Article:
More than 100 elephants a day slaughtered by poachers –

Tuesday, 20 October, 2009
Despite ivory trade being banned 20 years ago, a shocking 104 elephants are still being killed every day for their tusks.  This alarming level of illegal hunting could drive the African elephant to extinction across much of the continent in just 15 years.

The International Fund for Animal Welfare (IFAW – is calling for urgent action to protect elephants. It urges the European Union and all CITES (Convention on International Trade in Endangered Species) Parties to stop supporting one-off ivory sales, legal ivory trade and elephant down-listing proposals. Instead, they must support Kenya’s proposal to extend the current “resting period” on elephant and ivory decisions from 9 to 20 years when it is introduced at the next meeting of CITES in March 2010. We also call upon the EU to help the range states that are requesting assistance to fight poaching.

Kelvin Alie, IFAW Director of Wildlife Trade Program, said: “Most people are shocked to hear that, 20 years on from a ban on international ivory trade, elephants in Africa are still threatened by commercial poaching. The ivory trade must be banned once again, and comprehensively, if we want to prevent the extinction of elephants.”

Initially, the ivory moratorium worked. Elephant poaching dropped in most African range states and ivory market prices plummeted around the world from 1990 until discussions over one-off ivory stockpile sales started in 1996. Since then figures have shown that domestic ivory markets, or limited ivory sales, lead directly to increased poaching – even if not necessarily in the same country.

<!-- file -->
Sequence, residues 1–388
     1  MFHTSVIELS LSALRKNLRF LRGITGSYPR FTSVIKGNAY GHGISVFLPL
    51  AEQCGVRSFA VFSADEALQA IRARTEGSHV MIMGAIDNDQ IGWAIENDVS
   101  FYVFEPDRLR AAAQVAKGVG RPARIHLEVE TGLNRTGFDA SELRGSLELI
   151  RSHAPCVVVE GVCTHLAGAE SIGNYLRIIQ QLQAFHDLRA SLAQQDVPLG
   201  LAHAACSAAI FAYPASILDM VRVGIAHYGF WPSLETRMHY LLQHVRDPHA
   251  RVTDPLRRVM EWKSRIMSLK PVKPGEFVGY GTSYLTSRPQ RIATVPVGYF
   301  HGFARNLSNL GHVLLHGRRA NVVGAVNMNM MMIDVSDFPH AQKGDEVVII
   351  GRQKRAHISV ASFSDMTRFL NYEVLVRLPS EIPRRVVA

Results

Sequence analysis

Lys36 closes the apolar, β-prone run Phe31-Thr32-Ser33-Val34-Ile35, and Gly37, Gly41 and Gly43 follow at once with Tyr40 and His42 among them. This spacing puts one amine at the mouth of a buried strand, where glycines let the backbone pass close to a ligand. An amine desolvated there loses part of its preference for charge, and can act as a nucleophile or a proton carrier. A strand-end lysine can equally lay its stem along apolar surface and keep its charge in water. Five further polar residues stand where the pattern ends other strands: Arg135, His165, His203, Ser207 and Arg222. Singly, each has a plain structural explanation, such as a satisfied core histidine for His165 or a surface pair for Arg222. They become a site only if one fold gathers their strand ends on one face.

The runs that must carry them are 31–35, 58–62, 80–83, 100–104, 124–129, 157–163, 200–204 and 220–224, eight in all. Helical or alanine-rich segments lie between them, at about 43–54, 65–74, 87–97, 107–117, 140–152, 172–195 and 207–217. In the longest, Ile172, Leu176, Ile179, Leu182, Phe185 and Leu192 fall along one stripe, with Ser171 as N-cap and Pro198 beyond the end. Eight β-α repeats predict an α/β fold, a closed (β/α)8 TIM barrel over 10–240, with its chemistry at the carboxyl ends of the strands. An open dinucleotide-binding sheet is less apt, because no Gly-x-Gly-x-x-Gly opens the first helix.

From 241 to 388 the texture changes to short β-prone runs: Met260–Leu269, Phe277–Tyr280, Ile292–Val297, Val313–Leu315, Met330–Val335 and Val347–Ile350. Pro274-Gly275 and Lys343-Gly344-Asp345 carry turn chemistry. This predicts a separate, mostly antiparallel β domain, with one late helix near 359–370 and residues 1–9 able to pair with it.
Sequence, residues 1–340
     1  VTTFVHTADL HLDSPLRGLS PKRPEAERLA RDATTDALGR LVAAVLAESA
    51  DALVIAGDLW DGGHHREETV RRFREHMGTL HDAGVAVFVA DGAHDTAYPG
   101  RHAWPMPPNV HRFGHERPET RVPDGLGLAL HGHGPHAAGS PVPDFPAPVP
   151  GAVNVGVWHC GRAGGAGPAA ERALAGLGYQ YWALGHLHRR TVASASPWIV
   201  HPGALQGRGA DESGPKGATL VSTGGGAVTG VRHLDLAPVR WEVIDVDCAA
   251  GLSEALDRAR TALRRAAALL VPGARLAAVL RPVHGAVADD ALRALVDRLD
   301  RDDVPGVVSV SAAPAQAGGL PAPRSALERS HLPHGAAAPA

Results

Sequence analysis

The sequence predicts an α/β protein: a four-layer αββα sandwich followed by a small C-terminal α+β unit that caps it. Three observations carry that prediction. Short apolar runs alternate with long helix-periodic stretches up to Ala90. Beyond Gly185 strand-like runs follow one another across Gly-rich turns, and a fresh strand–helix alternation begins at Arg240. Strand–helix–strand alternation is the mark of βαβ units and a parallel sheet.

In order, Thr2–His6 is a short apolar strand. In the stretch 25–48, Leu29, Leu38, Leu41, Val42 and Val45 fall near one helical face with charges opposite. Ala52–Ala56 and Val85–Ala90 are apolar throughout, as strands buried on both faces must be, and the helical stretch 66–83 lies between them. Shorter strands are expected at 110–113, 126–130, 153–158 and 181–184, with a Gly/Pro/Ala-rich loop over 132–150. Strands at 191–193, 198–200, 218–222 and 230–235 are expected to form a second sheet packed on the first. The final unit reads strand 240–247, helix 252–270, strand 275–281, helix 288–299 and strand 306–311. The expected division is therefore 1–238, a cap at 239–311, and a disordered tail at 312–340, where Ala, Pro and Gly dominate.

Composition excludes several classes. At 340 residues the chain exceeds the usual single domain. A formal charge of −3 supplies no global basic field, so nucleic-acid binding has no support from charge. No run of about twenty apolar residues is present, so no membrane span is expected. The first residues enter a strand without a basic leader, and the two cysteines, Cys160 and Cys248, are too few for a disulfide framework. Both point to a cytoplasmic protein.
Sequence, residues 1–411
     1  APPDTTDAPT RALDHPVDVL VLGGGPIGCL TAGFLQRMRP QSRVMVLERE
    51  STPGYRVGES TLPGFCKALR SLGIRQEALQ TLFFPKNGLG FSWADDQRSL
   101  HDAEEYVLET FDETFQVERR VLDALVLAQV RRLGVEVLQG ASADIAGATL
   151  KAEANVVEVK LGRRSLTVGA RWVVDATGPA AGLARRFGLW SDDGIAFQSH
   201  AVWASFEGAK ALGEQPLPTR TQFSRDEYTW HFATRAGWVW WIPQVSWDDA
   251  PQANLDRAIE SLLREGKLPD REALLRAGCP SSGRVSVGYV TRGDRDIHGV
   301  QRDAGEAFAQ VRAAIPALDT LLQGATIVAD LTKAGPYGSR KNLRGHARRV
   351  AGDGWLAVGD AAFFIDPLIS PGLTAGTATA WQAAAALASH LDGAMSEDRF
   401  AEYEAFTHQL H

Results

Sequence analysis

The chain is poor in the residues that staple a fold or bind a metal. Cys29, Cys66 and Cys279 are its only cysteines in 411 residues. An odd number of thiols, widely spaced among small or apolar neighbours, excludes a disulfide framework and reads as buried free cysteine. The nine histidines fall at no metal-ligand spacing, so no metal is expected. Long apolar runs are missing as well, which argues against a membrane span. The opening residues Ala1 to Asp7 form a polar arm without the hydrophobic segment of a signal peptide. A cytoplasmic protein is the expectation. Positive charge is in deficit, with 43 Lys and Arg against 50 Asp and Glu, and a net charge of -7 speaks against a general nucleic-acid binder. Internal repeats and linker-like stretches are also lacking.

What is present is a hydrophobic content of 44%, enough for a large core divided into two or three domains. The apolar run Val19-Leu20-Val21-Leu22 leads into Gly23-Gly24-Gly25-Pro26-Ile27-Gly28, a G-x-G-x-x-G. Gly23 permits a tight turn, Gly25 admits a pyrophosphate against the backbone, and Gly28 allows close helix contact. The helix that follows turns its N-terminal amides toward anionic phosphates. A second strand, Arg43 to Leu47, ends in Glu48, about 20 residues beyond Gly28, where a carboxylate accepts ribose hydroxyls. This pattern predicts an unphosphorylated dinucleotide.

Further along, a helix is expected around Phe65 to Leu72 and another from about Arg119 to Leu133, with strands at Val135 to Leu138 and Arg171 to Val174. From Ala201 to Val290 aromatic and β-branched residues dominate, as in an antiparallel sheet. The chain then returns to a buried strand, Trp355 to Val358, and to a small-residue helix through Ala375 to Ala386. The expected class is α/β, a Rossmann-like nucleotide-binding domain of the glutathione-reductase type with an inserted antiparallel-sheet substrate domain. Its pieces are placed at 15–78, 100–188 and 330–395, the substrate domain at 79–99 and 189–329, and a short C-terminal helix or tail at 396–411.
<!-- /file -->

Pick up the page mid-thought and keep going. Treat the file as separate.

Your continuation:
The international illegal trade in wildlife is second only to the illegal trade in drugs and arms and worth an estimated $20 billion annually.  

Illegal ivory is now being used in conflicts in east Africa in much the same way as "blood diamonds" were used in civil wars across west Africa in the 1990s. Demand for ivory in the Far East, particularly China, has reached record levels. The Sudanese Janjaweed cross into Chad to poach ivory and then take it back across the border to Khartoum where it is sold on to China.

Because the fate of an entire species is at stake, we cannot continue experimenting with limited ivory markets, one-off sales or population down-listings. A mistaken belief in the power of "free markets" is driving elephants to extinction.

IFAW SPOKESPERSON added: “Sadly, the truth is that ivory trade anywhere is a threat to elephants everywhere. On the 20th anniversary of the ban, let’s do all we can to end the ivory trade and safeguard elephants for the future.”

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